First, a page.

Does the United Church need to define its mission before determining what forms and streams of ministry are needed?

A fork in the road in foggy, autumn hills.
Credit: Mike Beales, Flickr (CC BY-ND 2.0)
Published On: March 23, 2018

Ever so often in the church I hear statements and experience attitudes that cause me concern. One such incident occurred recently in response to the outcome of Remit 6 (One Order of Ministry.) My concern is not about the apparent merits or demerits of Remit 6, or about who voted either for or against it. They say fools rush in where angels fear to tread (and I hope that I am not the former), yet there is something about the conversation swirling around Remit 6 that doesn’t sit well with me. Here’s why.

I believe mission determines ministry. In other words, the understanding of what we are about, and what we need to be doing, determines how we get it done. This understanding of what we are about is not a nebulous concept but an intentional way of thinking, which in part holds the church together.

Some people (myself included) believe that an understanding of mission was missing in both Remit 6 and the discussions about it. In the absence of this crucial understanding of the mission of The United Church of Canada, the conversation was focused heavily on the issues of ministry status and educational qualifications. This raises an important question: What is the mission of The United Church of Canada?  I have asked this for a long time now. Unfortunately, I have yet to receive a clear and succinct response. How do we, as a church, understand what our mission is, and how do we see it reflected in the issues and priorities of the denomination as a whole?

At the 42nd General Council a proposal from the Bay of Quinte Conference asked the church for a mission statement. The discussion from the Commission dealing with this proposal is enlightening. The Commission noted that, “our A New Creed and A Song of Faith are statements of our mission.” Ultimately, the Commission concluded that “the possibility of developing a new mission statement to the full satisfaction of the entire church is a next to impossible mission” (Record of Proceedings of the 42nd General Council, page 180).  I have a different opinion to that of the Commission concerning the existing mission statement. I also regard the Commission’s findings to be troubling. By definition a statement about the profession of faith is different from a statement about mission. To conflate the two is dangerous.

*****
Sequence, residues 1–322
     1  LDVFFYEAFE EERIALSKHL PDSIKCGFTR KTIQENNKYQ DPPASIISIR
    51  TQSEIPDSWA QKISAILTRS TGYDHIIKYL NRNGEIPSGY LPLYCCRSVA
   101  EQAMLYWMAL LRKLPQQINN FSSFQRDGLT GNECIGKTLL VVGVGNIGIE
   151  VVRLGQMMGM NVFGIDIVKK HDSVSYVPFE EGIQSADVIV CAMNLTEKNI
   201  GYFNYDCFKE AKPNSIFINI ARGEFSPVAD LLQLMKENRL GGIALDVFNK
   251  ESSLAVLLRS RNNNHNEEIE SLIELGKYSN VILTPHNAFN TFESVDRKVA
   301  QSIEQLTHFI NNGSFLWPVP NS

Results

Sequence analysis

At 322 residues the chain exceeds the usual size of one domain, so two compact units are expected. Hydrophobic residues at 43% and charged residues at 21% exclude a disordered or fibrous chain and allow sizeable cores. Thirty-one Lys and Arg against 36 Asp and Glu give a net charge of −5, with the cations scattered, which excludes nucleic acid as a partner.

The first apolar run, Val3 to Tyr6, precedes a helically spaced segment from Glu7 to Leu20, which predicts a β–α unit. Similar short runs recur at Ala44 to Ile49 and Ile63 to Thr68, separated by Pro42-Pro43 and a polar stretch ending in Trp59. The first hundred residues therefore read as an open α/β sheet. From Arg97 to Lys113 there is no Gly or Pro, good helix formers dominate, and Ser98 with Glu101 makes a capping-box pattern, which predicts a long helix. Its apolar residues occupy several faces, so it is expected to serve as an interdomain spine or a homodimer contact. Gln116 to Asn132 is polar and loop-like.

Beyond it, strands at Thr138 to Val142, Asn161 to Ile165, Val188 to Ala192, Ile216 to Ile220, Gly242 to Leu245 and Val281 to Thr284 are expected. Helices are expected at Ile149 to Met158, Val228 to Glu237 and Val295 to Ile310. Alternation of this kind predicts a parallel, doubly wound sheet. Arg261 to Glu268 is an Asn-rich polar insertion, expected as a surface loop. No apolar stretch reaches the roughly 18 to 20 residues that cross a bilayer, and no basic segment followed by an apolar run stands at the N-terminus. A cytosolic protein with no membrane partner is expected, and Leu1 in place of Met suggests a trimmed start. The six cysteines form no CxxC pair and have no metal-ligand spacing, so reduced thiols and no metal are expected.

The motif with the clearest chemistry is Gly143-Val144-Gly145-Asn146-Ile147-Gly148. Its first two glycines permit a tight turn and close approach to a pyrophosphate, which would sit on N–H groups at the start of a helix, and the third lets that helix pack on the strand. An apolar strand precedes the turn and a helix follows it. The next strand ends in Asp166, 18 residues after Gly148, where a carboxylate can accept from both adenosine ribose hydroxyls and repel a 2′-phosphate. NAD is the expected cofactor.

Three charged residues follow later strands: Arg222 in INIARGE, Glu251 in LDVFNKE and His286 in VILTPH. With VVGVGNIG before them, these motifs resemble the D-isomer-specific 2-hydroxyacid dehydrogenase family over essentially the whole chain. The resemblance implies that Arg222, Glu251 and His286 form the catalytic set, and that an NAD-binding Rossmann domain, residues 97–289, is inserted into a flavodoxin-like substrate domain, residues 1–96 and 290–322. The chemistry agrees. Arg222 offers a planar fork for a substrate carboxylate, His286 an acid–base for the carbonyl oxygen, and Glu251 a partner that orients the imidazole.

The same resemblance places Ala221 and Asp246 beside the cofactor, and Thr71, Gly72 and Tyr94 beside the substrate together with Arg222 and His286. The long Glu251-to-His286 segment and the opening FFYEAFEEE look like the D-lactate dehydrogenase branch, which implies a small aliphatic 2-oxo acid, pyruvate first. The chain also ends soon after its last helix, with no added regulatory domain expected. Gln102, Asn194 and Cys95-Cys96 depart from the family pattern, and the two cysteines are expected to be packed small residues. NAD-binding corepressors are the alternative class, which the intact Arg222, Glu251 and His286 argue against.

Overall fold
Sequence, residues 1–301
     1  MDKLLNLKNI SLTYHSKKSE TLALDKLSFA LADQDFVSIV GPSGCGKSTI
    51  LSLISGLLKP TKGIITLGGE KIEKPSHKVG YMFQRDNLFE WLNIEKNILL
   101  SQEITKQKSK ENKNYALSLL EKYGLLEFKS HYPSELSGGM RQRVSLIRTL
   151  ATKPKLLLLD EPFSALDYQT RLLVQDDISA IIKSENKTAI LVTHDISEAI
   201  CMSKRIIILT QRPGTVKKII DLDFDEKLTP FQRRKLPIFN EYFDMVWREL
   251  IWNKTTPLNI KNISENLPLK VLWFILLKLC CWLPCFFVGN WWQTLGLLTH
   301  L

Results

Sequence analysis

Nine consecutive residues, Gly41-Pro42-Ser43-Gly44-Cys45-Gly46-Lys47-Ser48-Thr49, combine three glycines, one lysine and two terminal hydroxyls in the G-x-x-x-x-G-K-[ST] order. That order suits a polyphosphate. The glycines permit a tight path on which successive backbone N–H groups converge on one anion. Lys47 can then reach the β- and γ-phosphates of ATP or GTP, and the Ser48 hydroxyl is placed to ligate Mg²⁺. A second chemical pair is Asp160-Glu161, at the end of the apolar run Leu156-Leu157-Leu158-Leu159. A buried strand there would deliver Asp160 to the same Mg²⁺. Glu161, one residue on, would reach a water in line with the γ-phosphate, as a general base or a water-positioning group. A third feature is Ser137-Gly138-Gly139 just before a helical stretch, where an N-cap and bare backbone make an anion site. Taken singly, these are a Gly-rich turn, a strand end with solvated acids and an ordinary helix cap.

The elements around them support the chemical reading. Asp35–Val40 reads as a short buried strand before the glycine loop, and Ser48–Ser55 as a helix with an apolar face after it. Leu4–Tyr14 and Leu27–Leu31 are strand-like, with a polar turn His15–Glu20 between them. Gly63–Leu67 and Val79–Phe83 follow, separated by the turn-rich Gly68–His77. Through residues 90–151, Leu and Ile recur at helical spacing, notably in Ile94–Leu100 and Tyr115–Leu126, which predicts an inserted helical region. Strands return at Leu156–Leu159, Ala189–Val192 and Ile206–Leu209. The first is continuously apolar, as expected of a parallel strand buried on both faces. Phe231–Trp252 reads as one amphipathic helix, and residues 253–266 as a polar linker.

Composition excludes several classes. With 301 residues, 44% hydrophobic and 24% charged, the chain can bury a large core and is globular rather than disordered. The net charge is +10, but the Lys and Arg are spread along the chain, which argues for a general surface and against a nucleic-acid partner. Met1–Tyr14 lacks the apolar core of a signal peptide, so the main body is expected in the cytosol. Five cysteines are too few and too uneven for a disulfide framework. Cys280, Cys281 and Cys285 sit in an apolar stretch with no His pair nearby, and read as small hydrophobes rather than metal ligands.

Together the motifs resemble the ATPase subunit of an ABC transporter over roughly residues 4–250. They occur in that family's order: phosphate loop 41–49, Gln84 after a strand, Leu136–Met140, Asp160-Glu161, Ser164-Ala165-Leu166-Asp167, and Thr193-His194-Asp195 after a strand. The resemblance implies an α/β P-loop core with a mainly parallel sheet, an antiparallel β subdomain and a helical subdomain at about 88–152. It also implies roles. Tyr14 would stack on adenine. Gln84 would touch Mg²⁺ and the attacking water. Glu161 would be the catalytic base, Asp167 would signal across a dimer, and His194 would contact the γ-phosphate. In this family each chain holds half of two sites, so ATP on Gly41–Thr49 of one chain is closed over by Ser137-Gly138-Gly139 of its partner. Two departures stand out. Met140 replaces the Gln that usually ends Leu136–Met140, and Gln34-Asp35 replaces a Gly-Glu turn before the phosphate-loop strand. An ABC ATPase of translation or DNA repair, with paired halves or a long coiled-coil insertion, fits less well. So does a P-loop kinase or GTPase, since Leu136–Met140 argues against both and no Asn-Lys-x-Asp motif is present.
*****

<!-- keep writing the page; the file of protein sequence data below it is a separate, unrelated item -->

To be clear, a mission statement is not the same thing as having a clear mission. To some extent mission statements are unnecessary—unless they are a living and evolving foundation of an organization, which often isn’t the case. I’m not advocating for a mission statement per se, but it is vitally urgent for us to define our mission given a lack of clarity about it.

This lack of clarity has resulted in a potpourri of ideas and suggestions about our mission. And each one comes with the caveat that what is being expressed is not really the mission of the church, but rather a hope or glimmer of what it could be. Back to my concern on the discussion surrounding Remit 6 (One Order of Ministry), if we can’t articulate, with clarity, our mission how can we determine what forms, or streams, of ministry are needed to best serve our mission?

The historic understanding of the presbyter (elder) and deacon in the early church came out of an understanding of the mission facing the church in that time. In other words, each form of ministry seemed to have developed based on the church’s understanding of its mission. If we are to have ordained ministers, diaconal ministers, and designated lay ministers in our current church then the starting point in asking if each is needed cannot be in what we see them doing in the church today nor can it be who is better educated for the task. Their purpose and function must begin with how they enable the church to carryout and fulfill its understanding of mission. If any stream of ministry does not enable our mission, let’s ask if we really need it anymore.

Remit 6 sparked an intense discussion about ministry status.  It is regrettable that the impression continues to be given that we have a hierarchy in ministry which places the ordained minister at the top.  We urgently need to advocate that there should be no hierarchy in ministry—even as we continue to look at the forms of ministry that are relevant and required today. However, the status of the ministry type is a different issue from the relevance of types or forms of ministry needed in the church today.  Looking at ministry through the lens of mission, it is clear that different streams can play a vital role in the church’s ability to carry out its mission. Indeed, all streams must rely on each another if the whole body is to accomplish its mission.

Again, my concern around the Remit 6 conversation is rooted in the absence of discussion on mission, which must guide the church going forward. This crucial sense of mission may be there, and I am just not seeing it. Let me know what you see.

The remits are behind us for now as we await the 43rd General Council. Administrators are now doing the necessary and important job of working through the details of how to implement the proposed changes in the church. What we need now is leadership! Leadership that will engage us as church about our mission and hold up a vision for the way forward. Until then, I remain concerned.

—Paul Douglas Walfall is the ministry personnel in the Fort Saskatchewan Pastoral Charge in the Yellowhead Presbytery, Alberta and Northwest Conference.

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